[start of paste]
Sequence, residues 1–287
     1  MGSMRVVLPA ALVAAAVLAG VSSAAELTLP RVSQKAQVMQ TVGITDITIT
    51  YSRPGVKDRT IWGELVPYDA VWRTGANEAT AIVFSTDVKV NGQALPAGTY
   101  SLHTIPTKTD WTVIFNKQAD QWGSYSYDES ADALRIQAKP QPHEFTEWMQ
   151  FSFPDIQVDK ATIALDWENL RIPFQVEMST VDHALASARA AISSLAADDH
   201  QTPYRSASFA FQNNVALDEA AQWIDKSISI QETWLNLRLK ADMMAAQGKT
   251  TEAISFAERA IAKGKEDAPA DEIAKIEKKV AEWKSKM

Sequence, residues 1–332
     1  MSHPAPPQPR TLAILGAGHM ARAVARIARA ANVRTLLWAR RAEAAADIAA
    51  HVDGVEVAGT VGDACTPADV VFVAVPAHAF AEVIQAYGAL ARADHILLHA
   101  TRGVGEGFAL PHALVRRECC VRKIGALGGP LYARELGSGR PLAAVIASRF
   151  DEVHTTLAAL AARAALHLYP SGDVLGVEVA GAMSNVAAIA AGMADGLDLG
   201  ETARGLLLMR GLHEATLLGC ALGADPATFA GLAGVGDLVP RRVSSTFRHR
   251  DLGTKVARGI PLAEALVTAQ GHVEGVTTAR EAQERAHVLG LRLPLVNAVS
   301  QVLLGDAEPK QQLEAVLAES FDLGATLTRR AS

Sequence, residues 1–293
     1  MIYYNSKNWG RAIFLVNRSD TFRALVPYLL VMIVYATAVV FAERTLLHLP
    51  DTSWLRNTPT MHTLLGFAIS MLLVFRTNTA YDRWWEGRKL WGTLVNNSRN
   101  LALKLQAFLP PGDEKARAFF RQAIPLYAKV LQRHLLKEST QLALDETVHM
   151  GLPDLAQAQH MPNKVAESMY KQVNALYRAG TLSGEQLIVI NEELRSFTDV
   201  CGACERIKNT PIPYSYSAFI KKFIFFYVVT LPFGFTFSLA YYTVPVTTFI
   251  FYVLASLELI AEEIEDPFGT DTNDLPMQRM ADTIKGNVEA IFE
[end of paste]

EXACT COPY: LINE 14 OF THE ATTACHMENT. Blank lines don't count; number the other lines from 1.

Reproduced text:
   251  DLGTKVARGI PLAEALVTAQ GHVEGVTTAR EAQERAHVLG LRLPLVNAVS